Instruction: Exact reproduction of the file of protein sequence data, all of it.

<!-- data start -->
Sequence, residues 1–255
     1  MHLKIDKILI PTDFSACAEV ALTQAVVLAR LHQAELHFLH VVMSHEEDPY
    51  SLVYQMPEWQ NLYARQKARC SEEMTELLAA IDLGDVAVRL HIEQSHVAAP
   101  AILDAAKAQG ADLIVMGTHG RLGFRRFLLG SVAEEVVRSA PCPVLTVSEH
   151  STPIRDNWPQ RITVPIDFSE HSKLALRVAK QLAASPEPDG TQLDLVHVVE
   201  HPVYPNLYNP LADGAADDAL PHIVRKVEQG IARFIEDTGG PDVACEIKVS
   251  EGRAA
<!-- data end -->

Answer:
Sequence, residues 1–255
     1  MHLKIDKILI PTDFSACAEV ALTQAVVLAR LHQAELHFLH VVMSHEEDPY
    51  SLVYQMPEWQ NLYARQKARC SEEMTELLAA IDLGDVAVRL HIEQSHVAAP
   101  AILDAAKAQG ADLIVMGTHG RLGFRRFLLG SVAEEVVRSA PCPVLTVSEH
   151  STPIRDNWPQ RITVPIDFSE HSKLALRVAK QLAASPEPDG TQLDLVHVVE
   201  HPVYPNLYNP LADGAADDAL PHIVRKVEQG IARFIEDTGG PDVACEIKVS
   251  EGRAA